Iran Could Test ICBMs as Early as 2005
May 19, 2004
Middle East Newsline
WASHINGTON -- The U.S. intelligence community has determined that Iran could begin testing components of intercontinental ballistic missiles as early as 2005.
U.S. officials said Iran has achieved sufficient progress in its Shihab-class intermediate-range missile program to enable testing of ICBM components starting from next year. The officials said Iran has succeeded in overcoming major obstacles in extending the range of its ballistic missile program.
Iran has maintained or even exceeded its targets in 2003 for the extended-range Shihab-3 program. Officials said the successful test of the Shihab-3 in June 2003 could enable Teheran to quickly advance toward the development of a ballistic missile with a range of 1,700 kilometers. This would mark the start of Iran's research and development program into space-launched vehicles.
"During 2003, Iran continued R&D in its longer-range ballistic missile programs, and publicly reiterated its intention to develop space launch vehicles -- and SLVs contain most of the key building blocks for an ICBM," CIA director George Tenet told the Senate Intelligence Committee on Feb. 24. "Iran could begin flight-testing these systems in the mid- to latter-part of the decade."
The Middle East Does Not Need Another Failed Theocracy
May 19, 2004
Unfortunately the situation in Iraq is rather dire and a number of nations can profit from its chaos whereas others would definitely suffer from an Iraq undergoing pervasive civil strife which can very well make Iraq a theocratic state. Getting rid of the old hazard of Saddam Hussein and his rapacious family has led to the emergence of a motley group of characters in post Saddam Iraq who are fighting for dominance over the nation.
One such individual who deserves special attention is a man by the name of Moqtada al-Sadr who had appeared out of the woodwork of a chaotic post Saddam Iraq. He is a young Shiite Muslim cleric in his early thirties who is among many individuals struggling for power in today's Iraq. He is the son of Mohammad Sadiq Sadr, who was a prominent cleric in the Shiite religious establishment. In 1999, Sadr senior was assassinated in 1999 and the most likely perpetrators were agents of Saddam Hussein's Baath party. After his father's death, al-Sadr took over his father's charitable organization and had operated in a clandestine manner by setting up various cells in Shia dominant areas of Iraq in the hopes of overthrowing Saddam Hussein and establishing a religious theocracy like the one in neighboring Iran.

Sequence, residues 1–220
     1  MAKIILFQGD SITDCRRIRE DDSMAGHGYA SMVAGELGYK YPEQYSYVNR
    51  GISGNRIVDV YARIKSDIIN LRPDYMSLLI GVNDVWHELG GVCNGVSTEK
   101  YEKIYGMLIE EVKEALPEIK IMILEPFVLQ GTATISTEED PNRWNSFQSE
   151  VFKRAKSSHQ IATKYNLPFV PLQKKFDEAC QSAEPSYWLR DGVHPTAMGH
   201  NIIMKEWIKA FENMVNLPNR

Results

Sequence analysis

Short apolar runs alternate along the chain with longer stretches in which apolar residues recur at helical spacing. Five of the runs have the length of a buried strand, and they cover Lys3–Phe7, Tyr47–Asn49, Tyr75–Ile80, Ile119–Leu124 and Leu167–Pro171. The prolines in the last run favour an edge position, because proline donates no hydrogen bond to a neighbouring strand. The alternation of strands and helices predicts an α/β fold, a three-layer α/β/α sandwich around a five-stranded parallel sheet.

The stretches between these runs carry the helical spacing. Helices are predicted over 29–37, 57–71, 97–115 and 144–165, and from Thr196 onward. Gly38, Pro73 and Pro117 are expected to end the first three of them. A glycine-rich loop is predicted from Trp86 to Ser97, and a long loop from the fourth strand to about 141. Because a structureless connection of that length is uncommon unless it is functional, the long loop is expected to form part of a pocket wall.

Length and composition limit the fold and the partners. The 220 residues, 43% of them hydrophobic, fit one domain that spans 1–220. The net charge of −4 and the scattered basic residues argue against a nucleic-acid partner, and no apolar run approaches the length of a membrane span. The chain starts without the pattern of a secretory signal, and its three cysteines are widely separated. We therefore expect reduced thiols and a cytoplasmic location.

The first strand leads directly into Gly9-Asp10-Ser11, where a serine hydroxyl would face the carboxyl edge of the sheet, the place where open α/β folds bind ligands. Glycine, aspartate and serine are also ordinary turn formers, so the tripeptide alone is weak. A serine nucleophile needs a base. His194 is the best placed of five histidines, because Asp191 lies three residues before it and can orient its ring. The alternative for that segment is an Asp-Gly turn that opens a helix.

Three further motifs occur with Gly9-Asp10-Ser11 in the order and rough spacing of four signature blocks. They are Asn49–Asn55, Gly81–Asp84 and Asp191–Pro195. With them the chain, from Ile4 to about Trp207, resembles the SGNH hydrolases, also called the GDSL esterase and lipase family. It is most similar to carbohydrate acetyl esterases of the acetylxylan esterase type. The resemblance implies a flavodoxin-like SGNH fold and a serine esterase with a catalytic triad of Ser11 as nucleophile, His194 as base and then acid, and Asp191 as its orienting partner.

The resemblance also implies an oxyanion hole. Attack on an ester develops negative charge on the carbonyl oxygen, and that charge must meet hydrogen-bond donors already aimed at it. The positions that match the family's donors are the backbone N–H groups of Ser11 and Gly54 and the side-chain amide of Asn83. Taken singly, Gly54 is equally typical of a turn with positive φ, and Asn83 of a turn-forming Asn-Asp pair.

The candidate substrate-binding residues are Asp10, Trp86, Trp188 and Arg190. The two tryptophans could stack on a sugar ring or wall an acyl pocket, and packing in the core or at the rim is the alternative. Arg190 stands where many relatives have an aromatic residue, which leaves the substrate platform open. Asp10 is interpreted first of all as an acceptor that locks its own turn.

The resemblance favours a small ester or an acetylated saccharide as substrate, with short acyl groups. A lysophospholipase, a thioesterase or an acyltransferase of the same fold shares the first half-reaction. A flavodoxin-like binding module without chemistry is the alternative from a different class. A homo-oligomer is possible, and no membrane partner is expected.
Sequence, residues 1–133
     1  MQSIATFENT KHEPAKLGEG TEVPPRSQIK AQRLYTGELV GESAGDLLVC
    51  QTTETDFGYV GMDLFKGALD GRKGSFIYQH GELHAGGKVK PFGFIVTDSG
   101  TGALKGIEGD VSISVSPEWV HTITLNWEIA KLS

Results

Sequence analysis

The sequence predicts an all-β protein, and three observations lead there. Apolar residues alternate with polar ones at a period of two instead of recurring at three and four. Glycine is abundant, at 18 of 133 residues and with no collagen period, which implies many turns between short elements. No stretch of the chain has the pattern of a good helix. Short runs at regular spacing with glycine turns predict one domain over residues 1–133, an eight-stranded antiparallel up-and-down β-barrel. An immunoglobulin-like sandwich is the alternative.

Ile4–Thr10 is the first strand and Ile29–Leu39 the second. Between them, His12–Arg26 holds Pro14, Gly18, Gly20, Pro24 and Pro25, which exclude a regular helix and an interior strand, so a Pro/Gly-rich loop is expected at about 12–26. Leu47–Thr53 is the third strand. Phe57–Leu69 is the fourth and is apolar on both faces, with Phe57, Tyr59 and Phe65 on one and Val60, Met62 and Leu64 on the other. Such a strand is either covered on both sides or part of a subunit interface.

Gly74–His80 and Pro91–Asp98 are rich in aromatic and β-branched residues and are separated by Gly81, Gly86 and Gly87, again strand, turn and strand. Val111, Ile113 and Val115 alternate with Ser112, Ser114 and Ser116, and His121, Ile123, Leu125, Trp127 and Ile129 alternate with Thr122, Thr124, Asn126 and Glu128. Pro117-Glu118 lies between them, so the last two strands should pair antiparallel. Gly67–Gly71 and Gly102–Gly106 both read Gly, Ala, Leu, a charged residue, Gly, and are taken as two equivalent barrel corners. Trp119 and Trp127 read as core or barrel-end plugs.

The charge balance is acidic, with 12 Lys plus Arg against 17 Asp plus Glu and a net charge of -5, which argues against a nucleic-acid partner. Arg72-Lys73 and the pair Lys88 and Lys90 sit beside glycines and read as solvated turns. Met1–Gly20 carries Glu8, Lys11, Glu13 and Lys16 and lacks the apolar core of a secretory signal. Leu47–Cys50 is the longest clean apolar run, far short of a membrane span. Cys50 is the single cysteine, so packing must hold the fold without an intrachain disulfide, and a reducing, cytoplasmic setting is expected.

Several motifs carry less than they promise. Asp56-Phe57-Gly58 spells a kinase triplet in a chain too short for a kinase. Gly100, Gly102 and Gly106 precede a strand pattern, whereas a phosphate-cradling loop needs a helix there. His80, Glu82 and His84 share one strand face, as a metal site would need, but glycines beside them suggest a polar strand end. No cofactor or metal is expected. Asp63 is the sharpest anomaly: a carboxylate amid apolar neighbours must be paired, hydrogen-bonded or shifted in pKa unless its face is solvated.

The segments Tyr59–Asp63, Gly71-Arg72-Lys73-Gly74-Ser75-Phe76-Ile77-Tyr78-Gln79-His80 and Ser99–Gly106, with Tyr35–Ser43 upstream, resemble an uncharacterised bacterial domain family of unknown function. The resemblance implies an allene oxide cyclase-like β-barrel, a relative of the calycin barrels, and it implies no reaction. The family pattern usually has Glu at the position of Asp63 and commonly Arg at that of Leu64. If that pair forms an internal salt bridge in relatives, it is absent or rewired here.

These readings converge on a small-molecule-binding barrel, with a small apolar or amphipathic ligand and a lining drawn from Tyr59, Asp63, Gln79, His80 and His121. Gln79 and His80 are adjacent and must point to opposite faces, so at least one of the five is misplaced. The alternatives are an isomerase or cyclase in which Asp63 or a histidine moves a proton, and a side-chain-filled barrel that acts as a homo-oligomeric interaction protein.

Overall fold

Shortly after the fall of Saddam Hussein by U.S forces, Moqtada al-Sadr right away maneuvered for influence through his family's foundation. In that time period, a poor neighborhood in Baghdad that is inhabited mainly by Shiites was renamed Sadr City from the previous name of Saddam City. In the Shia slum areas of Baghdad, his followers distributed food to the needy thereby endearing himself to poverty stricken members of the Shiite community. Al Sadr's methods of attaining power were by no means limited to charity work and sermons but by violence and intimidation as well.
Prior to the U.S. invasion, al-Sadr was a relative unknown outside of Iraq who had obtained instantaneous notoriety in the American political and military establishment. He was regarded as a minor rabble rousing nuisance up until the summer of 2003 and has turned into a major threat to American interests and most importantly to Iraqi interests as well. The first signs of trouble occurred on April 11, two days after the fall of Baghdad when a pro U.S. cleric by the name Abdel Majid al-Khoie was murdered in Najaf and according to the U.S., Sadr was the most likely culprit. Then came the string of fiery Friday prayer sermons. Here are some examples of his quotes:
"Terrorize your enemies as we cannot remain silent at their violations. Otherwise, we will reach a stage when the consequences will be serious... I am concerned about you because demonstrations are useless... Your enemy loves terrorism and scorns nations and all Arabs. It seeks to silence the opinions of others. I appeal to you not to resort to demonstrations because they have become useless. You should resort to other methods." Quoted by Iraqi web site Sharja Al-Khalij, 5 Apr 04
"I will only negotiate with the Americans if their country says that it has come here to liberate us not to occupy us, as occupying a country is incompatible with the very principle of negotiations... We are not hostile to America, but we are the enemy of occupation... I only want a government based on freedom and rule by the people. Obviously, such a government will be an Islamic one." Interview with Iranian news agency Irna, 23 Feb 04
"The Untied States did not only come to overthrow Saddam only or take our oil. It came with the intention of destroying the whole cultural, moral, and humanitarian structure of Iraqi civilization and replace it by a structure producing thorns, moss, and a defeated nation." Quote from editorial in Sadr's Al-Hawza newspaper, 7 Aug 2003
These quotes are rather typical of today's "popular" imams whose sermons are anti American (even though it was the U.S. who overthrew Saddam) in flavor with the ever-recurring theme of enemy (Israel, U.S. and the UK.) plots. One can't forget the ordering of the followers to attain martyrdom. But interestingly enough you won't see these Imams or their sons in the front lines.
However not all of his quotes were so inflammatory like the following: